Although the US is working hard to change automotive standards to reduce emissions, home efficiency standards are still pretty weak. We are doing well with the adoption of LED and CFL lighting, but it’s grudgingly and so many people use electric heating and stoves from the 70s that the energy saved from lighting is a drop in the bucket. Being aware of how much energy your home is drawing is difficult right now, but there’s no reason it should be — other than the cost of getting smart meters and readers out there. The UK is making that a priority, which I think is a smart move.
They’re aiming to replace all old-school meters by 2020, which is probably about as close as they dare put the date. Since it’s not just a switcheroo with the old one, and requires a little “consumer education,” it means that those lonely souls deep in rural Wales and the like will have to learn how to use these newfangled Frggaulinseggitsensiisuns (that’s Welsh for modern electrical meters). Good idea, and hopefully we and others will follow their example.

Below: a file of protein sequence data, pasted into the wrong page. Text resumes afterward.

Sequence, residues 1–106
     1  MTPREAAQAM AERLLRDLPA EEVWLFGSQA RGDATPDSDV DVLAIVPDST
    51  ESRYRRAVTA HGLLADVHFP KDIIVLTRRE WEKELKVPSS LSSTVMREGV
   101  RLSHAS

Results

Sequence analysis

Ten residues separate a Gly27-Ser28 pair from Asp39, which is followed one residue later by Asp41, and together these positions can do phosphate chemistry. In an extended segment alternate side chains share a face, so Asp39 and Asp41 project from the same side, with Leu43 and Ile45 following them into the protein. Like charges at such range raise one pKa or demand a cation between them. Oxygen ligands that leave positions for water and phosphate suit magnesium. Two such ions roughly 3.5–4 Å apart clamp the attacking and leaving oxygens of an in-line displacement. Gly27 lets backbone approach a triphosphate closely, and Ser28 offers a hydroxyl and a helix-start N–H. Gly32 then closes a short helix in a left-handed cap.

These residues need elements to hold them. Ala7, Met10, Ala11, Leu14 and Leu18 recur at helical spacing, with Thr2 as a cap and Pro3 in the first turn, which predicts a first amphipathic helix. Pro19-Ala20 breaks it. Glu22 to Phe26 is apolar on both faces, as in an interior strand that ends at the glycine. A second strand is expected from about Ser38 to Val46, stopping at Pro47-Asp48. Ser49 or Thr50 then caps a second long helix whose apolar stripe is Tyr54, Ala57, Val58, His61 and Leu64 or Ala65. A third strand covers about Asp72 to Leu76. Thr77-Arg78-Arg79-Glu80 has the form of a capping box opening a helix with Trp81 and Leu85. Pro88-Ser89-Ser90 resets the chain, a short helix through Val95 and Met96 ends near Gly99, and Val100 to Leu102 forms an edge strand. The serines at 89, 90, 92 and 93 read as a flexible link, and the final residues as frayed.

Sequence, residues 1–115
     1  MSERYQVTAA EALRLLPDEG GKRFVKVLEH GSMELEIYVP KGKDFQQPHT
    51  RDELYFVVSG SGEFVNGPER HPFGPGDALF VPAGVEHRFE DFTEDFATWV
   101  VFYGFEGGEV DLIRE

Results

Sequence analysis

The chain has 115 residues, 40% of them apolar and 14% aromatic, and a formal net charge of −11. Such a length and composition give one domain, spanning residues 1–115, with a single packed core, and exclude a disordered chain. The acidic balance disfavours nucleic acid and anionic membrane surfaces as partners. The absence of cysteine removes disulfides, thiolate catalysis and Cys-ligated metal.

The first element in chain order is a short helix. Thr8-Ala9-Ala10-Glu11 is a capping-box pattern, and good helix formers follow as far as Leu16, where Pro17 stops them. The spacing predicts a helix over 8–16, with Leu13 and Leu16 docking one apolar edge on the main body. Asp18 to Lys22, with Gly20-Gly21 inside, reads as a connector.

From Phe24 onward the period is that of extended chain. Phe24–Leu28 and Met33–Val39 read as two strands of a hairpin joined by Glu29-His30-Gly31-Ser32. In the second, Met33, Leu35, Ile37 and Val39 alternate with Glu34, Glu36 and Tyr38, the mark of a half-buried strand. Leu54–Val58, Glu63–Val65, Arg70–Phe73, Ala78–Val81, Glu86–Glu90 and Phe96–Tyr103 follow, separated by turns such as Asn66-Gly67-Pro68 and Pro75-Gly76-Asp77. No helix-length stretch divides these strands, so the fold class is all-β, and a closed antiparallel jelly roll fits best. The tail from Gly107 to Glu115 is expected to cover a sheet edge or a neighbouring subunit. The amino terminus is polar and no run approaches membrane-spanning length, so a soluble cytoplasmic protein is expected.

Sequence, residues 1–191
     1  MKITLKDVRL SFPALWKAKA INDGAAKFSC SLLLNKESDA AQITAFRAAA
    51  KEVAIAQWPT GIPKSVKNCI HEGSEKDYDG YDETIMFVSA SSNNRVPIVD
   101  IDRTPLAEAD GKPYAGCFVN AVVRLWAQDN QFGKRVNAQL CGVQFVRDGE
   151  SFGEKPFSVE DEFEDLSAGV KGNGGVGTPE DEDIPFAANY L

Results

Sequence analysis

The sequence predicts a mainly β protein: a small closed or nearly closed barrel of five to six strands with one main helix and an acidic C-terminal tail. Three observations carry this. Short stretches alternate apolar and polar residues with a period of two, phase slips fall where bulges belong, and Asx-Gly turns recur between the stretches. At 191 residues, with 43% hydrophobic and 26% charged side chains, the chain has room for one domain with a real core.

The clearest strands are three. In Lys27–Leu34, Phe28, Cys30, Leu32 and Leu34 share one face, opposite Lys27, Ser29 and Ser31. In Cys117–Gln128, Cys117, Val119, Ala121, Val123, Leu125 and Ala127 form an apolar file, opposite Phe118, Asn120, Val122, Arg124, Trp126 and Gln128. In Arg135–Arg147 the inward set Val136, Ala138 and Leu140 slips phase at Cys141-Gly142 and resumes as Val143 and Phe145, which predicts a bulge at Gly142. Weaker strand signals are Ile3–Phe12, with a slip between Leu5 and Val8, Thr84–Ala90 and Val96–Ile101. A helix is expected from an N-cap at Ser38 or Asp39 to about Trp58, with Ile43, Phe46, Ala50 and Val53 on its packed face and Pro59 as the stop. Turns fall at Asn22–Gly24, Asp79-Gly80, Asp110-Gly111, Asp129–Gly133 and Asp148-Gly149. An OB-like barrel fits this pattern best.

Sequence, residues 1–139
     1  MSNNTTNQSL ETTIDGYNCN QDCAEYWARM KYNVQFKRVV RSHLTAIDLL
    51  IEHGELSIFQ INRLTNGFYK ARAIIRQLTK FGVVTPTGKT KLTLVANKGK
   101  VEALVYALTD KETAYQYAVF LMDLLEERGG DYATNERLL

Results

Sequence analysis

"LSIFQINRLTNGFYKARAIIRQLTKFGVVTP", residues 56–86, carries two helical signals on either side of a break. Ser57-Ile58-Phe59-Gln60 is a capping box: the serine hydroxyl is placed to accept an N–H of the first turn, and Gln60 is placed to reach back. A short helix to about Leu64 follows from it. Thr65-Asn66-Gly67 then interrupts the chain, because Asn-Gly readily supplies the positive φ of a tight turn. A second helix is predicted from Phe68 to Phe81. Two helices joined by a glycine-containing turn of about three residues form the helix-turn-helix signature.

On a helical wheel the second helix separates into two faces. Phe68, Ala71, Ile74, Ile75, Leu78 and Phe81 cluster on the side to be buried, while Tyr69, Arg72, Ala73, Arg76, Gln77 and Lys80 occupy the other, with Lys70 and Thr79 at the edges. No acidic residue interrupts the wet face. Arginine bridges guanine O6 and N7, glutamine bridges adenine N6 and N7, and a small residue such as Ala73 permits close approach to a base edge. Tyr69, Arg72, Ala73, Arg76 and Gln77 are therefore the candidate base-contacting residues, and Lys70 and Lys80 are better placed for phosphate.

Readers of CrunchGear are probably using more energy to power their video cards than to heat their home, so I guess that’s another place we ought to be investigating.